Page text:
4. i would always enclose with braces the blocks of an if statement even when there is a single line. This is to avoid the risk to forget the braces when a line is later added. As an alternative I would put the single line on the same line as the if statement.

@JS1 2015-07-29 23:17:15

Thanks! 1) I agree. 2) I think I have a do loop because it used to have a terminating condition and later I removed it. For infinite loops I prefer to use while (1) over for (;;) though. 3) That error message was there for debugging - good point on that. 4) I prefer the standard K&R brace style where single line if statements have no braces. I know there are reasons not to, but I can't bring myself to do it at this point.

@glampert 2015-07-30 01:51:39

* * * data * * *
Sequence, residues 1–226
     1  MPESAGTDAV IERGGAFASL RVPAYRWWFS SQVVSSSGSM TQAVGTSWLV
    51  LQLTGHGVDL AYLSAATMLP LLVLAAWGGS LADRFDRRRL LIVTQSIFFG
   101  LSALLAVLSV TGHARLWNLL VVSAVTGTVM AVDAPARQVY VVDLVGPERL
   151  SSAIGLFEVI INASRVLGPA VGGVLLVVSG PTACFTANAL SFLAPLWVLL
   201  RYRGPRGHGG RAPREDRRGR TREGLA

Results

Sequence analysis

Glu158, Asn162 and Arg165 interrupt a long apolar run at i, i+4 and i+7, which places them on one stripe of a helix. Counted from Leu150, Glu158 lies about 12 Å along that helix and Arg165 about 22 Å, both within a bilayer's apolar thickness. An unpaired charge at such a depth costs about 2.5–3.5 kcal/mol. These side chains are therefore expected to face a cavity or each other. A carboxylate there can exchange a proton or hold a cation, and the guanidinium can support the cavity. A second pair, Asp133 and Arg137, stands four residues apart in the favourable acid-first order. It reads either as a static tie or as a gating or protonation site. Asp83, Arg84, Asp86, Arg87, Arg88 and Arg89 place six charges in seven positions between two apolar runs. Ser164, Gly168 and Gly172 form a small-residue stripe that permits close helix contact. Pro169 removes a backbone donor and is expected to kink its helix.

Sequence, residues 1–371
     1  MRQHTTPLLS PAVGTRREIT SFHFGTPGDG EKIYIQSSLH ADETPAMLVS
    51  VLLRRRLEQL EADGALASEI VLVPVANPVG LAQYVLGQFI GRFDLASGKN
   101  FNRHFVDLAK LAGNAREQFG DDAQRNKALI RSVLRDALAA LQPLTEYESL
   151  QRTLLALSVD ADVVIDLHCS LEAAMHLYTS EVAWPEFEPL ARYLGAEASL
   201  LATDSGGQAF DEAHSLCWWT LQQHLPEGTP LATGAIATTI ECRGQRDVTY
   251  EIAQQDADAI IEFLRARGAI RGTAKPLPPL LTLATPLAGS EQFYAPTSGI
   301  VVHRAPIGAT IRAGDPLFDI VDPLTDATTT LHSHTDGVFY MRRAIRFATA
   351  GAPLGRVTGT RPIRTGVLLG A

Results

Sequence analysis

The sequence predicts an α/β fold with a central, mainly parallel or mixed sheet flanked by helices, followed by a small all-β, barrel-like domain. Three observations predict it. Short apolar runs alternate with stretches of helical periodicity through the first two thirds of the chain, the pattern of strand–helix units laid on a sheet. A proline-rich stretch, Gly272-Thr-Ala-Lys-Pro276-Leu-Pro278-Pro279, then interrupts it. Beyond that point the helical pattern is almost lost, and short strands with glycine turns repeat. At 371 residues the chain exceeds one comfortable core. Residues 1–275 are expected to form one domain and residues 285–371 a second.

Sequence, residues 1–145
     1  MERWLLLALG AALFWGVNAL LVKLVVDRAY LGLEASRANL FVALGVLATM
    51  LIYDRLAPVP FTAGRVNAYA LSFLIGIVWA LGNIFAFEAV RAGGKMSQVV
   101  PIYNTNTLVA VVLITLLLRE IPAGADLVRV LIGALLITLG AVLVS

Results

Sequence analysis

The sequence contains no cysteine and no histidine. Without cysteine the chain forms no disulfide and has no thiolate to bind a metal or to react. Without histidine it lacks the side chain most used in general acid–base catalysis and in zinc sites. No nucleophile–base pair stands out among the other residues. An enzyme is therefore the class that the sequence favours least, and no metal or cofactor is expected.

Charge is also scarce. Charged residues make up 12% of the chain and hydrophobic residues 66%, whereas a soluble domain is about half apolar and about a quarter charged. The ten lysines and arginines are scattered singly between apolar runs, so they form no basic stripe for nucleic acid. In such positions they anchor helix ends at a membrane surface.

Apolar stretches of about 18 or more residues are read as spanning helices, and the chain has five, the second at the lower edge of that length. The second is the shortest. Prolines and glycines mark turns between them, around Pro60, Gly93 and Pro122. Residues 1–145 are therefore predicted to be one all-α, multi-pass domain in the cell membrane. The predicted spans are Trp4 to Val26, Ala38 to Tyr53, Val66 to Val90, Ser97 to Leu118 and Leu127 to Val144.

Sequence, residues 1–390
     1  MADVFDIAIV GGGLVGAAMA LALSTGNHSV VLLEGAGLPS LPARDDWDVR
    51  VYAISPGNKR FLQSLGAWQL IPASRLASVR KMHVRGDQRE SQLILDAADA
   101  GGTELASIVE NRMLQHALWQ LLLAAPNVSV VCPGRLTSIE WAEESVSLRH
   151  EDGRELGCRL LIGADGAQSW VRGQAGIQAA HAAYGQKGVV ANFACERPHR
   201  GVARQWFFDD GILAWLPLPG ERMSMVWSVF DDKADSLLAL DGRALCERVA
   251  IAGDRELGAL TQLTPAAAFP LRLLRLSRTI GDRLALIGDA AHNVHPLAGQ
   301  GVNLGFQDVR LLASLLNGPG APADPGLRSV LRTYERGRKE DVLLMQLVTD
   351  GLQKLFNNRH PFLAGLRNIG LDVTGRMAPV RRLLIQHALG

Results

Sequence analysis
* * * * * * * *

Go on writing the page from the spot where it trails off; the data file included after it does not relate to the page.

@JS1, to avoid the nuisance of typing the { } for every statement, you might consider adding a plugin to your editor. For instance, on Vim, I use this plugin, so I only type if<tab> and it finished the rest for me, adding the ( ) and { }. :)

@Anders 2015-07-30 06:51:32

general impression

overall the code looks clean and tidy so it is quite easy to follow

some comments/suggestions

MISRA and other coding practices recommend to always use compound statements after conditionals to make the code more clear and more foolproof for maintenance

if (...)  // or wherever you want to put your starting '{'
{
}

instead of

if (...)
  ;

in main() use perror() instead to get the real error from the OS instead of "can't open" e.g. perror(argv[1]);

i also agree with Emanuele that if (argc>1) seems a bit ... vague? better with if (stdin != in)

in encode() if you run out of memory you silently return, it would probably be good to return some kind of error code instead allowing for a user of the function to take action. This applies also to exit(), doing an exit in the middle is not a good strategy, better to return with an error code. Let the caller determine what to do e.g. write an error message.

in decode() you calloc(DICT_MAX,sizeof(DictEntry)) but there you do not check the return value.